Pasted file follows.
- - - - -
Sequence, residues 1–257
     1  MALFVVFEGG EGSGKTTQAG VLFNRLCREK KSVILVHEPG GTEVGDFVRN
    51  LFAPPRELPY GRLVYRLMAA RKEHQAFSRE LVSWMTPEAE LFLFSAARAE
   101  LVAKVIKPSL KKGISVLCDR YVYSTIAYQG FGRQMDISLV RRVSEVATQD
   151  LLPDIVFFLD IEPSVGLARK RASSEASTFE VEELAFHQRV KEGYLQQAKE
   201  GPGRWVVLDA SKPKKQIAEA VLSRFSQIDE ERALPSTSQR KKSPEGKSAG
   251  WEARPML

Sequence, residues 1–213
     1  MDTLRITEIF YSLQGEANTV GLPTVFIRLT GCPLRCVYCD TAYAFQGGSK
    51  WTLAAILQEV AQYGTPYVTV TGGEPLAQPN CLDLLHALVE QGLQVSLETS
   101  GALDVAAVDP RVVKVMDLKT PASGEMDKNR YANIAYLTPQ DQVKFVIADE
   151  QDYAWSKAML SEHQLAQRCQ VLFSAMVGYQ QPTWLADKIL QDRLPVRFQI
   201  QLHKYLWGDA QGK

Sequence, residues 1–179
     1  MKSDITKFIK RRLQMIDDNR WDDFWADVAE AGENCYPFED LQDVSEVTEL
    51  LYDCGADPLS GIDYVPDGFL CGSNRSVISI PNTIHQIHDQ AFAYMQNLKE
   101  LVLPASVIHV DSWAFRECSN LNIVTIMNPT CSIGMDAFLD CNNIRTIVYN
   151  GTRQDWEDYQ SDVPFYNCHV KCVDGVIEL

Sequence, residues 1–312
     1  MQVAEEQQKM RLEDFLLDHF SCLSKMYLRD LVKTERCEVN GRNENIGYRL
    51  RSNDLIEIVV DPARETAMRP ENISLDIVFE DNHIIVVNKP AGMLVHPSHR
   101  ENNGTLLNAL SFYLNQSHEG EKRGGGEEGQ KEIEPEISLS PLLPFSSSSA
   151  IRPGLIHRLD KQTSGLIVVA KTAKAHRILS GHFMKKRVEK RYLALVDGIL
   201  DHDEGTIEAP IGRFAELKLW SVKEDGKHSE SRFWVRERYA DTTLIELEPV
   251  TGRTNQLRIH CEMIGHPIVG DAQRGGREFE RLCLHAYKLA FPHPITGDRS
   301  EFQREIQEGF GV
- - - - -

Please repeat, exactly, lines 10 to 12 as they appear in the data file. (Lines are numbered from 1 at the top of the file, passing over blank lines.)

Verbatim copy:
    51  WTLAAILQEV AQYGTPYVTV TGGEPLAQPN CLDLLHALVE QGLQVSLETS
   101  GALDVAAVDP RVVKVMDLKT PASGEMDKNR YANIAYLTPQ DQVKFVIADE
   151  QDYAWSKAML SEHQLAQRCQ VLFSAMVGYQ QPTWLADKIL QDRLPVRFQI